Tuesday, 28 July 2009

The delights of "regulation"

Contrary to what some people evidently believe about me, I do approve of a degree of regulation. Anything that involves a business lying to a customer should be severely punished (with the usual caveat that if you don't read the fine print, that's your problem.) What I don't approve of, is reams and reams of pointless red tape. That leads to higher barriers to entry in markets, which means consumers suffer because the markets aren't free.

And contrary to what people might believe about regulating with loads of red tape being a good thing, I'd like to point out that our banks are regulated to death and were already regulated to death before their so-called "free market collapse". Financial institutions were heavily regulated when Equitable Life mis-sold like bastards. Barings was under the same massive weight of regulation. The regulation hasn't helped all those customers.

What the regulation does do, is create barriers to entry. Look at, for example, massive capital reserve requirements. It sounds fine, but a) they didn't fucking stop the banks from hoovering our wallets to a level never seen before in UK history (which is pricisely what they were supposed to stop) and b) they make it practically impossible to start a bank ever again. So the regulations failed to protect anyone (least of all the banks) and they also stop anyone from stirring up the cosy banking cartel.

So, what I am in favour of is a smart, vicious regulator that can turn around complaints quickly and effectively and punish miscreants with suitably painful fines or other penalties. A sort of meta-OFT with teeth like a tyrannosaur and balls like a rally driver.

Regulations, processes and procedures rarely prevent criminal misbehaviour. They only cover the arses of the people who would otherwise carry the can for their incompetence. And so, it is with no small degree of irony that via Timmy, I present this tale of what happens when you put your faith in regulations, procedures and processes:

The Office of Fair Trading (OFT) spends hundreds of thousands of pounds each year urging consumers and businesses to be on their guard against scams. But the taxpayer-funded body failed to notice an alleged major fraud going on under its own roof until £250,000 had gone missing.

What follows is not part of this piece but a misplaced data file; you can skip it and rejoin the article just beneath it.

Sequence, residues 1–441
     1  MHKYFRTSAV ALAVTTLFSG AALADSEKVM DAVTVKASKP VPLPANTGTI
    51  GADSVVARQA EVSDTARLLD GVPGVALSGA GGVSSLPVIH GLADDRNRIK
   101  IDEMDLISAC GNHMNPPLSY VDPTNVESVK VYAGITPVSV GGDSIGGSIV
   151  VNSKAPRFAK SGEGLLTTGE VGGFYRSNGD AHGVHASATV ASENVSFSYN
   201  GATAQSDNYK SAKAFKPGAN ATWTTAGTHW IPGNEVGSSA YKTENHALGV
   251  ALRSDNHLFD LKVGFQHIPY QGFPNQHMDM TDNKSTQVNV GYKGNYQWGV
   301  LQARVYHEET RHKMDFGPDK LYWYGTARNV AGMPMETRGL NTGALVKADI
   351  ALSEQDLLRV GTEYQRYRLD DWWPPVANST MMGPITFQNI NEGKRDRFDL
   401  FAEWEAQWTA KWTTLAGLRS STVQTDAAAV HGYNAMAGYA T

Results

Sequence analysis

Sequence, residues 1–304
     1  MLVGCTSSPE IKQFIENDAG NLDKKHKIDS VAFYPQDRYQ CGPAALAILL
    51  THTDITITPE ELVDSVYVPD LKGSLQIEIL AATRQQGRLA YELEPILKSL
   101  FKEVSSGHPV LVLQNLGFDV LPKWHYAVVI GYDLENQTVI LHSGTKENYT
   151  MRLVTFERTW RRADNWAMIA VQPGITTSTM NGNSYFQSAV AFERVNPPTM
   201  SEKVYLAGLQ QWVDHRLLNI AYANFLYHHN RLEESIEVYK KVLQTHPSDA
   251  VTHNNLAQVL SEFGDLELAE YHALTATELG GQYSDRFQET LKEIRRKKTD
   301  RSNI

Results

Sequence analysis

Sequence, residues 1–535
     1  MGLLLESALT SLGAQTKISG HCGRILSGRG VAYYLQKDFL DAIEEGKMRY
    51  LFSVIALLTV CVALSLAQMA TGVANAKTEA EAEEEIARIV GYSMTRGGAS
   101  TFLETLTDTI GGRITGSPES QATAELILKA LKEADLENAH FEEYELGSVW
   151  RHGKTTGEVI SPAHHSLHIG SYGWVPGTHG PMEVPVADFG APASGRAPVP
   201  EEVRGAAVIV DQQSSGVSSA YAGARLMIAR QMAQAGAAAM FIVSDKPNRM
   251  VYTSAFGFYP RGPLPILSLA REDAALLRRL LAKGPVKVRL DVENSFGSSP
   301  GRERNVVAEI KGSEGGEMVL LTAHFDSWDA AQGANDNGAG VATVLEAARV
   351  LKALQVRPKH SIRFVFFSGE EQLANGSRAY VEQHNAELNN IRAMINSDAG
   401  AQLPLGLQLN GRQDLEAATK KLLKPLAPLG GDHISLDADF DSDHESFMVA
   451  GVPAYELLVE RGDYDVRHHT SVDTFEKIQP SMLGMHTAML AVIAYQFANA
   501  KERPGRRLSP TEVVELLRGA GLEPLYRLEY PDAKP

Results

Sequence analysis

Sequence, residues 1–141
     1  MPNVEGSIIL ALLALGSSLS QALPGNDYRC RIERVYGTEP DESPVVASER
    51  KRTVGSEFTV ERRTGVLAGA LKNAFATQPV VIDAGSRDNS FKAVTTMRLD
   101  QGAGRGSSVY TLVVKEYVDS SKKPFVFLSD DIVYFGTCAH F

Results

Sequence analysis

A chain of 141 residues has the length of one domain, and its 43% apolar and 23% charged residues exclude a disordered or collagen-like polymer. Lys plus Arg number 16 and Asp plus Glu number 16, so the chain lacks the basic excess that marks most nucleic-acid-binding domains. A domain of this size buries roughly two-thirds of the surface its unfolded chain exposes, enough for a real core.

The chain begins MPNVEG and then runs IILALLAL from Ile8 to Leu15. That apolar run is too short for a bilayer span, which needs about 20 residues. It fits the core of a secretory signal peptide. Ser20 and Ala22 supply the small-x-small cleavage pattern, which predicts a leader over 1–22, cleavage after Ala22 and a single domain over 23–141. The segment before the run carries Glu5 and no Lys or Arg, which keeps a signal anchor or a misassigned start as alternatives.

How, in the name of all that is holy, can the very body that is supposed to protect us, fail us in this way?

In small print accompanying its annual report, the OFT admitted that the alleged fraud had not been detected because of a “control weakness” in the accounts payable department. The problem saw the OFT lose £97,000 last year and £153,000 the year before.

Them's weasel words, them. Somebody was dependent on process and procedures, rather than using their judgement. And when you have blind faith in regs and processes, this will always be the outcome when someone gets greedy.


Mark Wadsworth said...


Half the push for regulation comes from incumbents, so it ought to be scrapped. The other half comes from the authoritarians and "I know better" brigade" and should be scrapped as well.

As to consumer protection, yes there are sensible rules on this, but as far as outright scams go, there is an age old natural law that says gullible people will be fleeced by crooks. This is more a matter for criminal law than 'regulation' in the narrower sense.

Anonymous said...

"What the regulation does do, is create barriers to entry."


It's a feature, not a bug.

Most of these regulations get created following lobbying by the existing business in a sector.

Keeping the competition out is the main driver.

Sambo said...

There is a gem in the original Torygraph article.....

The OFT also secured its FIRST criminal conviction, when three men were jailed for operating a cartel in the marine hose market.


Fuck me, they actually nailed someone at last. All those cunts in the marine hose market must be shitting themselves.